Electric vehicles gain momentum in Europe

December 3, 2018 | 06:46
Electric vehicles gain momentum in Europe
Electric vehicles gain momentum in Europe
Most major vehicle manufacturers now offer a range of electric models and prices on the forecourt are falling. The much anticipated electric-car ownership ‘breakthrough’ is ever so slowly gaining momentum.

A report recently published by the European Commission Joint Research Centre (JRC), states that the big breakthrough in electric vehicle roll-out has faltered. The report concludes that there has been an upturn in electric vehicles sales since 2010 but far below what had been hoped for. All of the larger car companies are starting to get serious about electric vehicles production and buyers can now choose from a growing selection of EV models covering all vehicle styles.

Almost 300,000 electric passenger cars were registered in Europe in 2017, compared to about 1,400 in 2010. The largest volume of sales occurred in Norway, Germany, the Netherlands, France and the UK. The report looks at battery-only vehicles and plug-in hybrids. Electric busses are also increasingly seen as an environmentally friendly transport alternative in cities. However, there is still a lot of room for improvement here.

According to the 2017 EU report there are a total of 173,000 electric buses worldwide - 98% of which operate in China – that’s impressive, giving China a pioneering position in the technology. In Europe the UK has the most electric buses (200), next is the Netherlands (175) followed by Belgium (140), Germany (90) and Austria (75)
The report highlights that early roll-out of a nation-wide vehicle charging infrastructure is the key factor to encourage greater uptake of electric vehicles. In general, modest progress has been made on this front, but the situation is somewhat patchy throughout Europe. The Netherlands lead the way with 32,500 charging stations, followed by Germany with 25,000, France with 16,000, and the UK with 14,000. The other EU countries are lagging behind to some extent — in relation to it's population even Germany which is considered to be the car capitol of Europe. Unless the infrastructure allowing convenient and speedy recharging is in place most buyers will not even consider an electric vehicle as a practical option for personal transportation, especially for long journeys.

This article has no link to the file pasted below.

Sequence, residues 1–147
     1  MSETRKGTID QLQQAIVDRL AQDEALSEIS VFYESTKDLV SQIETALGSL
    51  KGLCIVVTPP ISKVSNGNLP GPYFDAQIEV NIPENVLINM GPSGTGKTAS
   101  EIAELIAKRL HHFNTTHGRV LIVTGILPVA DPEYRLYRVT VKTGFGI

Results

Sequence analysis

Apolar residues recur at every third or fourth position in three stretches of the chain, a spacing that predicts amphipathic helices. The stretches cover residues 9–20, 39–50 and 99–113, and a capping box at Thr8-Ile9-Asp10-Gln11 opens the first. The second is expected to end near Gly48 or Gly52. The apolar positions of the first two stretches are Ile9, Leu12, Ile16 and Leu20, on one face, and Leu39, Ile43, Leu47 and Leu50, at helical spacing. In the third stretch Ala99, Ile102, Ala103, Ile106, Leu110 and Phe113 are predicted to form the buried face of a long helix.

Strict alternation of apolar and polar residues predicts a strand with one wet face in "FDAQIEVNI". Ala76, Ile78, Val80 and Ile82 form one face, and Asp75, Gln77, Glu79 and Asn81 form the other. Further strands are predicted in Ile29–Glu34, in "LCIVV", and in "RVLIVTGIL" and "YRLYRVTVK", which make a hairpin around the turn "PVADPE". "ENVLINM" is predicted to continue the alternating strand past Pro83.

Support from dealerships and availability of servicing facilities are also crucial to widespread uptake of the technology.
As for the price of new models, the report assumes that electric cars will become less expensive in the near future, which will undoubtedly benefit market penetration. The report highlights poorly coordinated efforts across the various EU member states to stimulate a wider acceptance of E-mobility resulting in a certain degree of fragmentation in the market.

You can read the EU report here.
 
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